If Trump cuts the U.S. off from trade with China, the likeliest outcome is that China simply steps up its exports to other markets. That would bind the rest of the world more closely to China and weaken the global influence of the U.S. China’s economy would take a small but temporary hit, while the U.S. would see its position as the economic center of the world slip into memory.

Instead, to take on China, Trump needs a gang. And that gang has to be much bigger than just North America. But most countries in Europe and East Asia probably can’t be bullied into choosing between the U.S. and China. — their ties to the U.S. are not as strong as those of Mexico and Canada. Countries such as South Korea, Germany, India and Japan will need carrots as well as sticks if they’re going to join a U.S.-led united trade front against China.

The Duran’s Alex Christoforou and Editor-in-Chief Alexander Mercouris discuss the escalating trade war between the United States and China, and the record trade surplus that positions China with a bit more leverage than Trump anticipated.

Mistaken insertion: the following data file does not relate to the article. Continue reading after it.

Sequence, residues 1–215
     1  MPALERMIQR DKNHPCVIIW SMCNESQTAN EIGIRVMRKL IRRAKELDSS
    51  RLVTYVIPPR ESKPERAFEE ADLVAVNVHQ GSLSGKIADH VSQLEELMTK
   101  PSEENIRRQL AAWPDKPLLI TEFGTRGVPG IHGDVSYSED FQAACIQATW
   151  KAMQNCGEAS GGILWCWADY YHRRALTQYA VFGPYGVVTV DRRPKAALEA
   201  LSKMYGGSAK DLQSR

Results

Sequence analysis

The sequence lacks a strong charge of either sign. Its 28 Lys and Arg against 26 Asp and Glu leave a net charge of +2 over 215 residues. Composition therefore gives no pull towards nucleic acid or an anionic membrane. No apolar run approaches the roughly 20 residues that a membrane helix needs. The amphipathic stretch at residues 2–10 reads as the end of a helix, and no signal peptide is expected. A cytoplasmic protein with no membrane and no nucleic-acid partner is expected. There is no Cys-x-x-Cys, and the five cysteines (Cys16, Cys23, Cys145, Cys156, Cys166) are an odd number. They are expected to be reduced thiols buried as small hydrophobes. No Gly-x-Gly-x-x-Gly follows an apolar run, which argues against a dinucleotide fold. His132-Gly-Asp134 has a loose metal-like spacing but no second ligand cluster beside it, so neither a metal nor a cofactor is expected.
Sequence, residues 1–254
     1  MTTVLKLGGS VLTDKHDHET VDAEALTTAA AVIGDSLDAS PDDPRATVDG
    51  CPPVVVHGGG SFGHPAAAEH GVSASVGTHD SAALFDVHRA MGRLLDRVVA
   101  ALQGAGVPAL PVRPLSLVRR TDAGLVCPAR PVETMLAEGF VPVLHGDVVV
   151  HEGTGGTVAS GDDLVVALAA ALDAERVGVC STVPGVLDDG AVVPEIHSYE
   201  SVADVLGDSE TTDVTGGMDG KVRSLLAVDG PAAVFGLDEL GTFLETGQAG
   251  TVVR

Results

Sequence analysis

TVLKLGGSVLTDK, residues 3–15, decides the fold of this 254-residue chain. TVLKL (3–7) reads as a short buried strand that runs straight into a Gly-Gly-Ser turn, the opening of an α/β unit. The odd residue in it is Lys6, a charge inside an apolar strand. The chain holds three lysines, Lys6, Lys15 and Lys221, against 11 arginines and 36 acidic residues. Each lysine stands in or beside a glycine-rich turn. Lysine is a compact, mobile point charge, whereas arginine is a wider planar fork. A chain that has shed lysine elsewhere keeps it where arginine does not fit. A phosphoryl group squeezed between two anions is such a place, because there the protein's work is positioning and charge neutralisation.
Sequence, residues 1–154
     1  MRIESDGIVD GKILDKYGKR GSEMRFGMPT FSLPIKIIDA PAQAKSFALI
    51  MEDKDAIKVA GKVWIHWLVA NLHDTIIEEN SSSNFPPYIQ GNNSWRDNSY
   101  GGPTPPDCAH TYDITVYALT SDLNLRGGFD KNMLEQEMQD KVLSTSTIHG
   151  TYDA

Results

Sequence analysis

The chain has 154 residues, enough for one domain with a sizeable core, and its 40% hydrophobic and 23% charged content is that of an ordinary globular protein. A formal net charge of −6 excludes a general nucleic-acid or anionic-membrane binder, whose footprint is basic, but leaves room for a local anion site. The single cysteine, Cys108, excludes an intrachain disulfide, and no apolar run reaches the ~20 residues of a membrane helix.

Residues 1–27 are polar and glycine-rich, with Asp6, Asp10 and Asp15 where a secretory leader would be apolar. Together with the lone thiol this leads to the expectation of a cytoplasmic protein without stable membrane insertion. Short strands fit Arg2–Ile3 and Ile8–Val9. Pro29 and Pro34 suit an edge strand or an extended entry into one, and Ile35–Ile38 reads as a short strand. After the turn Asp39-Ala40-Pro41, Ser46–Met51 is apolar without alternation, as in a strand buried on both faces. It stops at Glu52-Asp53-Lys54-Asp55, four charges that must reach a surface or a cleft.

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Via Zerohedge Trump Threatens China With More Tariffs, Does Not Seek Economic “Depression”

US equity futures dipped in the red after President Trump threatened to impose a third round of tariffs on China and warned that Chinese meddling in U.S. politics was a “bigger problem” than Russian involvement in the 2016 election.

During the same interview with CBS’s “60 Minutes”, in which Trump threatened to impose sanctions against Saudi Arabia if the Saudis are found to have killed WaPo reported Khashoggi, and which sent Saudi stock plunging, Trump said he “might,” impose a new round of tariffs on China, adding that while he has “great chemistry” with Chinese President Xi Jinping, and noting that Xi “wants to negotiate”, he doesn’t “know that that’s necessarily going to continue.” Asked if American products have become more expensive due to tariffs on China, Trump said that “so far, that hasn’t turned out to be the case.”